This wasn't another alleged conspiracy, the equivalent of the fastball that Chan Ho Park supposedly grooved to Cal Ripken Jr. in 2001, enabling Ripken to hit a home run in his final All-Star Game.
Let the record show that Rangers second baseman Ian Kinsler actually did try to field the slow, five-hopper by the Braves' Chipper Jones through the first-base hole on Tuesday night.
Kinsler . . . just . . . couldn't . . . get . . . there.
"I felt like I had cement blocks on my feet," Kinsler would say later. "I wasn't the quickest and most nimble on my feet at that moment."
Jones, 40, took his final All-Star at-bat with one out in the top of the sixth inning, pinch-hitting for the Cardinals' Matt Holliday with the National League leading, 8-0.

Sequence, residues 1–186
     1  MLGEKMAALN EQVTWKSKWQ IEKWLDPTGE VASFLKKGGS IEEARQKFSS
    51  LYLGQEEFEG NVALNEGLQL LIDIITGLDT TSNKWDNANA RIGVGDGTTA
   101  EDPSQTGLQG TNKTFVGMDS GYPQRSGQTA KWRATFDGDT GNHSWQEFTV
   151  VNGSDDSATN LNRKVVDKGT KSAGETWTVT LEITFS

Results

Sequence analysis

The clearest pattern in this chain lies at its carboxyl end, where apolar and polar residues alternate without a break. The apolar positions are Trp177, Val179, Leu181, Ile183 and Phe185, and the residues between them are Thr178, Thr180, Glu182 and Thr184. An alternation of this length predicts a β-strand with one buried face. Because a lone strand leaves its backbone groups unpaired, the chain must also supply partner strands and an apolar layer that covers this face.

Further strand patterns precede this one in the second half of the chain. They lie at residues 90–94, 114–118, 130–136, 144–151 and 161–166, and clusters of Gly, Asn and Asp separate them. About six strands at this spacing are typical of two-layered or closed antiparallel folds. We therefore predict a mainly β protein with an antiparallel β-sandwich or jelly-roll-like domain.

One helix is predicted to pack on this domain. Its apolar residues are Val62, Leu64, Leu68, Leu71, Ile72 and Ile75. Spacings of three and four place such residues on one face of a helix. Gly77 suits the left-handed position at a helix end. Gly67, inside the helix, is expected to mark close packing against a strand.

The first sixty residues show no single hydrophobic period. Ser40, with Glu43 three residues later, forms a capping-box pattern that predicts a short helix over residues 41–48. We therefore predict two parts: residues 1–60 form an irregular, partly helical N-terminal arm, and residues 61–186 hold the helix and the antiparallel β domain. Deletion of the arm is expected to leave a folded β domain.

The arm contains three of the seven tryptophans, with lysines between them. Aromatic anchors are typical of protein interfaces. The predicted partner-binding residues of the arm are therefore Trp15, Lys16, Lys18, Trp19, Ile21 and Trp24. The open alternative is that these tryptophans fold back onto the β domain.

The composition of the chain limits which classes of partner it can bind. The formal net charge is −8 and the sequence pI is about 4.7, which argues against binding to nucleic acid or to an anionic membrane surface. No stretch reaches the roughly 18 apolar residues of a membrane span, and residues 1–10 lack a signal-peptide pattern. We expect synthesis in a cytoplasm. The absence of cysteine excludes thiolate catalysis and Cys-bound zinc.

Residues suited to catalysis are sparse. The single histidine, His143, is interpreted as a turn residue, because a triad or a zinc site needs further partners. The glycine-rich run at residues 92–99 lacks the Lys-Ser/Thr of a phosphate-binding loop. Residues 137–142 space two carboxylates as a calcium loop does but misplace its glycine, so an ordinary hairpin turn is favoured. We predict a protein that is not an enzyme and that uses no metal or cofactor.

Kinsler had just entered the game for the AL, but wasn't quite loose. In the tunnels underneath Kaufmann Stadium, Kinsler said, there wasn't much room to run.
Jones swung at the first pitch, a low fastball from White Sox left-hander Chris Sale. Kinsler leaned toward his right when the ball was struck, then broke back to his left.
Jones busted down the line, then broke into a wide grin as he reached first, knowing the ball probably should not have rolled through the hole and into right field.
"I was thinking beat it out all the way," Jones joked. "Forty years old, an infield hit in the All-Star Game. It's actually the way I scripted it."
What did he think was so funny?
"I knew that when I turned around I was going to see (Derek) Jeter and Adam Dunn on the top step laughing at me for busting down the line trying to beat that out," Jones said. "True to form, they were giving me guff."
One of the Braves' beat writers remarked to Jones that Kinsler did not appear to give his best effort on the ball.